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Rated: 18+ · Documentary · Music · #1150065
A 1st draft from my scrawled diary from a national tour. Feel free to critique it
This is an excerpt from my scrawled tour diary of my 1998 national tour, playing bass guitar for seminal midwest punk legends 10-96.

I plan on fleshing the diary out into 75-100 pages. They are to be included in a book I am putting together regarding the history of hardcore punk music in the midwest.

Any criticisms are welcome.

June 12th, 1996
Knoxville, TN

Whew... amazing past twenty four hours.... punk rock plays amazing games in the hand of fate... Went into Memphis yesterday morning and stumbled upon Beale St right away and took a quick spin up and down it observing the locals, and then made our way to GRACELAND.... twenty bucks to tour a dead guys' house- way to go Elvis. The tour was entertaining enough, they give you a walkman, headphones and a cassette and you kind of take an audio tour seemingly alone, even though you're in a group. It was kind of creepy, I think they do it because it keeps people quiet. I wish I could have seen the throne upon which the King died, I wanted to masturbate on it, but we only got to see the commons of the house. The trophy room was huge, they had a bunch of weird stuff like TV sets that Elvis would shoot for target practice inside the house and stuff. I farted in Elvis' backyard. I collected some dirt from Elvis' grave, some day I will ingest it and see what happens... I insisted that we tour the automobile museum, which was interesting for the other guys but was my favorite, being the motorhead that I am. I had a chance to steal Elvis' original Shell Credit Card but karma persuaded me not to. I wanted to purchase a pair of those wicked silver shades with the holes in the sides from the gift shop but I didn't have twenty-eight dollars. We headed back into Memphis to take a walk on Beale St. Most of the blues bars were closed, but we did have lunch in one (four beers and four Bluesburgers, please!) and we had a beer in BB KING'S. I demanded to speak to the owner, but the bartender just ignored me. We headed out for Nashville, heading down the "Music Highway," I thought the transmission was going to take a shit from all the mountain hills. There was enough road construction to receive another lesson on Moon's theory of "Orange Construction Barrels Inheriting the World." We got into town around five or so and I located the IndieNet (1707 Church Street) on a tourist map of Nashville and we found the place without too much difficulty. It's a record store in the front of a building with a big room with a stage in back, too bad we weren't playing at an actual punk show, I believe only three punx were there, but that's later on in the night. We unloaded what's left of the gear and went for a ride, me driving.

Traffic was wicked evil, we ended up driving through some sort of downtown festival, wicked stress. But I now understand the reasoning behind the band name "NASHVILLE PUSSY," there were beautiful girls every twenty feet in every direction. Everyone wanted to find this bar they went to back on the 1986 tour, the Infamous Tootsies' Bar and Grill which Dean insisted was way cool and so we drove around town trying to find it, and then Dean remembered that it was directly behind The Ryman Auditoruim, which rendered finding it much easier. Patsy Cline and Hank Williams, among others, would play at the Ryman and then hangout at Tootsies after the show, arriving through the alleyway back in the day. We finally found the place and finally found a parking spot and went inside the front door which is right on the hillbilly-tourist-strip. We crowded up to the bar and waited ten minutes watching the young-hillbilly-country cover band, before the ancient bar-hag told us that she would not serve us because we were wearing 'tank-tops' (I think it was a subtle attempt at labeling us as scum-fucks) so we left. Actually, I think it had more to doe with Moon and my huge mohawks.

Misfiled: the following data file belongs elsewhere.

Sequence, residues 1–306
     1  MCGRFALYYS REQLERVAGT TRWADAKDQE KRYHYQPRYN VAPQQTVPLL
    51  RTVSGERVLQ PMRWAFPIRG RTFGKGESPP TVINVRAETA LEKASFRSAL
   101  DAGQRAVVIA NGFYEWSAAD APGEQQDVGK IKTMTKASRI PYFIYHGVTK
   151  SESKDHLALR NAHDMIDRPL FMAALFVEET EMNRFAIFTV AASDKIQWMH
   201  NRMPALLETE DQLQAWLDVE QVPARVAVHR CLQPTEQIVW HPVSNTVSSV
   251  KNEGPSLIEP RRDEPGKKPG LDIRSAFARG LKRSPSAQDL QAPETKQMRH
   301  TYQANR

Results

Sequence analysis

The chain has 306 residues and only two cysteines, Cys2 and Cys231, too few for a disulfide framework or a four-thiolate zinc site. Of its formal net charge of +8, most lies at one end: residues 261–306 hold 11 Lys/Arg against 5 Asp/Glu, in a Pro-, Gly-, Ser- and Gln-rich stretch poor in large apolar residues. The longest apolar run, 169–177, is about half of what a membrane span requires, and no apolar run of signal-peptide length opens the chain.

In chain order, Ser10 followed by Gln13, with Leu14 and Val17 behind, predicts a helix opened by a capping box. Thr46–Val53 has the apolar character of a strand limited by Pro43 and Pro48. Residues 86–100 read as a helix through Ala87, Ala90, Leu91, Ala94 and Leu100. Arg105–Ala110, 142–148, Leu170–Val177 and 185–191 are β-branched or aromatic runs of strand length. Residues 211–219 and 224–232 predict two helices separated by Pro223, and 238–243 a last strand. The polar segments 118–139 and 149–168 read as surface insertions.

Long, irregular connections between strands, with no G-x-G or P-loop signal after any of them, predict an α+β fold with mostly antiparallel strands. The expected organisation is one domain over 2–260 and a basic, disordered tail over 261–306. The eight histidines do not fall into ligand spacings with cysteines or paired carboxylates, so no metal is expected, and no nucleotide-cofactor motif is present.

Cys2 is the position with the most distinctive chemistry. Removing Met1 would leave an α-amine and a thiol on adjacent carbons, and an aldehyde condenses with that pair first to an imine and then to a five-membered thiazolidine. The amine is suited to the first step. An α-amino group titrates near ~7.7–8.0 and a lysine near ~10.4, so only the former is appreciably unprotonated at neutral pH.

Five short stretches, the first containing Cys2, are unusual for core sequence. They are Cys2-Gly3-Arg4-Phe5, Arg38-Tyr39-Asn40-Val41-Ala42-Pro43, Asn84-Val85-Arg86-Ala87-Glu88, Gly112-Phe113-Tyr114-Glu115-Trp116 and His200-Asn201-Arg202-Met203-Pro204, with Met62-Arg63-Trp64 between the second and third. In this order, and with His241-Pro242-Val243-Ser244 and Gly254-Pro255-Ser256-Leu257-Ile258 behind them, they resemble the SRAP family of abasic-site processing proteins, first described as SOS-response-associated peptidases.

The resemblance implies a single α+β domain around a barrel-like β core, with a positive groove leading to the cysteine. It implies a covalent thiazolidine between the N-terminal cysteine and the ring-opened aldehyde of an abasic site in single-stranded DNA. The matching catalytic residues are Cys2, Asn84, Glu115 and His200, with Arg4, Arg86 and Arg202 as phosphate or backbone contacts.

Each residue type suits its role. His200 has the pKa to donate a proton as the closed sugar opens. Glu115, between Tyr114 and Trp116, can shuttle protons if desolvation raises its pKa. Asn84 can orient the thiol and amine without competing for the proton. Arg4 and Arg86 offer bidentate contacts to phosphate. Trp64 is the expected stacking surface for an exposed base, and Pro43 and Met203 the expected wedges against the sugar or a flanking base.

We walked around back to the alley near where we had parked and decided to just settle for the first bar we came to because we were stressed out and needed a beer pronto, so we walked into first door we came to. There were four or five good ole boys sitting at a bar and they started laughing at us, "Are you all in a rock band, or somethin'?" and goofing on our hair and everything and Dean starts talking to them and we're looking around the place, and realized that we were still in Tootsies. We had entered the back room, which, like the front half, was complete with stage and full bar. The guy Dean was mainly talking to turned out to be the owner of the bar and after Dean explained what had happened out front with the barhag the owner said, "Oh. that ole wench? We been tryin' to get rid of her for years! You beys need a beer? Hey, Earl, go and fetch these fellas a beer, will ya?" We stood there talking with them for awhile, the owner must have bought us four or five rounds. He told us a lot about the history of the bar, which had pictures of ALL of the country stars, many of them autographed. It turned out that Tootsies is one of the oldest bars in Nashville, and everyone that was anyone had hung out there.